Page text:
As Joe Zappa discussed in his column on Monday, new regulations around consumer privacy are poised to become a major preoccupation of some of the internet’s biggest and most profitable companies in the coming year.
Business practices in the United States were moderately affected by the passage in Europe of the General Data Protection Regulation (GDPR) this past May. Now the California Consumer Privacy Act (CCPA), which passed in the state legislature and was signed by Governor Brown in June, and which contains many provisions similar to GDPR, is scheduled to take effect for all companies of significant size doing business in California as of January 1, 2020. Just as it led the way with auto pollution regulations, California may be about to usher in a new era of protections for U.S. consumers.
Though their terms are not identical, in essence both GDPR and CCPA are designed to give consumers the power to stop companies from collecting personal data, to review all personal data a company may have collected, and to request deletion of any stored data. Both regulations strike a major blow in favor of the concept that ownership of personal data ultimately resides with the individual and not with companies who may profit from it.
At first blush, the potential impact might seem no more significant than that of the National Do Not Call Registry on the telemarketing industry. Despite millions of consumers opting to be listed in the registry, the volume of telemarketing calls has grown massively in the years since Do Not Call legislation was passed in 2003, with the FTC becoming increasingly powerless to stem the tide of companies operating in flagrant violation of the law.
But with regulations like CCPA, the target is not fly-by-night companies impersonating the IRS on the telephone, but rather companies with revenues in excess of $25 million who store the personal data of more than 50,000 consumers, households, or devices and derive at least 50% of their revenues from that data. Many of the dominant companies in the digital age—particularly Facebook and Google—fall into that definition, as do a slew of secondary players in the data collection and programmatic advertising spaces.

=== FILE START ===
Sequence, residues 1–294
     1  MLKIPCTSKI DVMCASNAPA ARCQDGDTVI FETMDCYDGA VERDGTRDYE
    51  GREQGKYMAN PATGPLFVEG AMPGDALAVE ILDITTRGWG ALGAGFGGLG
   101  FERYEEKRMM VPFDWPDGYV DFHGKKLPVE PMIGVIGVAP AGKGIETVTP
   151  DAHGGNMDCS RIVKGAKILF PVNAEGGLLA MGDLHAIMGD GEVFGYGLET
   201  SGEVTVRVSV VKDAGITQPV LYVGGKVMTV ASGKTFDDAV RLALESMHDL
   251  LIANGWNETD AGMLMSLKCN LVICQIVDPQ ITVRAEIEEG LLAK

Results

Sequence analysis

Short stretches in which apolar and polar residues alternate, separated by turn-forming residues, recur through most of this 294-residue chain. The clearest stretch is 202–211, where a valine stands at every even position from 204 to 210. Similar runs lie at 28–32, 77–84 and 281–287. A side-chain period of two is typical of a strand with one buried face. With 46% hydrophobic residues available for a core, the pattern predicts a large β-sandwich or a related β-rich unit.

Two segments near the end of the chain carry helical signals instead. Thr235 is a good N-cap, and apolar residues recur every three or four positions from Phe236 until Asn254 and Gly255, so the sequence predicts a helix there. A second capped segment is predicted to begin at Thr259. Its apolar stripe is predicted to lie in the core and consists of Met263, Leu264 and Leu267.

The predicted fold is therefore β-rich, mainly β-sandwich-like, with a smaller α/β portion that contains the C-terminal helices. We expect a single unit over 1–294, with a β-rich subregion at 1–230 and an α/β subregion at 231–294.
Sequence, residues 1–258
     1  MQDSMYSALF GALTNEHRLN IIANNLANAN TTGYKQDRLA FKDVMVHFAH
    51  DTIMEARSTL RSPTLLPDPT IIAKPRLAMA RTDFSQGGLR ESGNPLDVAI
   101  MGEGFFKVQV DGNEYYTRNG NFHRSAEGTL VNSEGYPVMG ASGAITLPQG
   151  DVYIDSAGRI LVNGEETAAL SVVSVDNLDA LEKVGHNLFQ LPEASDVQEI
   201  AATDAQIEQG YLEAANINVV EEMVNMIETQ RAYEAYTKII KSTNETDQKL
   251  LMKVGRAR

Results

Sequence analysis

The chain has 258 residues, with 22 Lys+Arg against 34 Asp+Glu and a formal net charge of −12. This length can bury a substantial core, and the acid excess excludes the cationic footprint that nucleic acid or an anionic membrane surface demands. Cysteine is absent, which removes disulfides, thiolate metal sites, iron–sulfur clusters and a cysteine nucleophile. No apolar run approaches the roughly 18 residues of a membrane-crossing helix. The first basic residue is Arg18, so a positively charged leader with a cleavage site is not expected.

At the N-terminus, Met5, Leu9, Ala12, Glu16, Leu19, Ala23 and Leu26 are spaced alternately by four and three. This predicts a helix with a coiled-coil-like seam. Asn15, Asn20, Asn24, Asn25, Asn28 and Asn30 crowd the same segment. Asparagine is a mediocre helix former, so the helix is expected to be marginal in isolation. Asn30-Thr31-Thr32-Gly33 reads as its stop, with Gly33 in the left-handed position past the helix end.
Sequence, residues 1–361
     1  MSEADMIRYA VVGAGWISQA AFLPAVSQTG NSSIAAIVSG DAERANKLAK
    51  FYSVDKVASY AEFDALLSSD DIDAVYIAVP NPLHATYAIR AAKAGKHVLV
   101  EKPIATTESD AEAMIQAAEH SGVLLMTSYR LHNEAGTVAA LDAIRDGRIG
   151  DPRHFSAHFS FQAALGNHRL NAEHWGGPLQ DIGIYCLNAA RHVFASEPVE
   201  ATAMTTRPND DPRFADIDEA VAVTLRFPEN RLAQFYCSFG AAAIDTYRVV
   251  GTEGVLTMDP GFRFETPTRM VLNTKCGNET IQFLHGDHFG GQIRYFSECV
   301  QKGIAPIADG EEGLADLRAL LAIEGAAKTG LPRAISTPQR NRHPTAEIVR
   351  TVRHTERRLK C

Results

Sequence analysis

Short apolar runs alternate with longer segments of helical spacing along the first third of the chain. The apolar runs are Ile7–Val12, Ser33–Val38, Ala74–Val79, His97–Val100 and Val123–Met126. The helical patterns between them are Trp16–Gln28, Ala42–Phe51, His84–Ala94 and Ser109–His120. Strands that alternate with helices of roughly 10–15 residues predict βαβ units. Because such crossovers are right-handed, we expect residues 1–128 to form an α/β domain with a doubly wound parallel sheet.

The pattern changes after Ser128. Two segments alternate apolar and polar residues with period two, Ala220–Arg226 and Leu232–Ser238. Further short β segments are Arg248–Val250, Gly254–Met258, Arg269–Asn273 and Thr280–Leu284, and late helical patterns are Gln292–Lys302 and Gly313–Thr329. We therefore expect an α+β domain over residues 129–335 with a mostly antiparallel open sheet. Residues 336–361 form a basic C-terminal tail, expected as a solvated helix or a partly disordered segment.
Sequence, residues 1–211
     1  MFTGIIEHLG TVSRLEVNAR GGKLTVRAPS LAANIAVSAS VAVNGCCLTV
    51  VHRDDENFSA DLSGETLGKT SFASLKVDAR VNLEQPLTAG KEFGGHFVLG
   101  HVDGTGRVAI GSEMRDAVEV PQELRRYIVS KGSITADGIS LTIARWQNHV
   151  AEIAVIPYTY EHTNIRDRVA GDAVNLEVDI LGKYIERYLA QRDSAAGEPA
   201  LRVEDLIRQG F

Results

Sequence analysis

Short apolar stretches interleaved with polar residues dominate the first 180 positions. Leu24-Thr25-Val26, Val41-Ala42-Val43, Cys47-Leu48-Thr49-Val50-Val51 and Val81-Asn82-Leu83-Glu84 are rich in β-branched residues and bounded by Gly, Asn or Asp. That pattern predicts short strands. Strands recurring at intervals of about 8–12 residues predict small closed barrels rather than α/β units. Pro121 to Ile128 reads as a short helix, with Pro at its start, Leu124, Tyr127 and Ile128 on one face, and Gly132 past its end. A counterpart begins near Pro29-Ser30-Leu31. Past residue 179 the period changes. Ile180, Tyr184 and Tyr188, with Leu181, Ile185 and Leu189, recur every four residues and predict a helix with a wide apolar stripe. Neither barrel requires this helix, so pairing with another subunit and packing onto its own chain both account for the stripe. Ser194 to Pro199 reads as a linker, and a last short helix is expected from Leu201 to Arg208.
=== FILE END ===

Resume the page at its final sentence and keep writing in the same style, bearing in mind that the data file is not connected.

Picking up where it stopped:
Indeed, given that these companies often gather data through mutually lucrative partnerships with gaming apps and the like, the true breadth of companies who fall under the provisions of CCPA may surprise us all.
Personal data includes, though it is certainly not limited to, information about one’s whereabouts, which can be used for a wide variety of marketing purposes. As this week’s much discussed New York Times story reports, there are at least 75 companies running location tracking apps on 200 million U.S. smartphones, with location signals captured as often as 14,000 times per user each day. Location data powers increasingly sophisticated ad targeting and is used by companies that analyze physical location and other behavioral insights to identify new markets and improve marketing strategies.
Such practices have grown up in the absence of any specific regulation and in an atmosphere where consumers have taken, on the whole, a lax attitude toward sharing personal data, even despite news of data breaches and malicious actors like Cambridge Analytica. True, a potential crackdown on data sharing with third parties may win vocal support from many consumers, but to the extent that the enforcement of such regulations depends on consumers taking action on their own behalf, it remains to be seen how many will actually go to the trouble.
Still, the enactment of CCPA may well represent a sea change in consumer privacy, not least because it may engender further changes, including federal legislation which has seen support from both parties and which may prove more stringent in its prevention of data gathering practices at the source.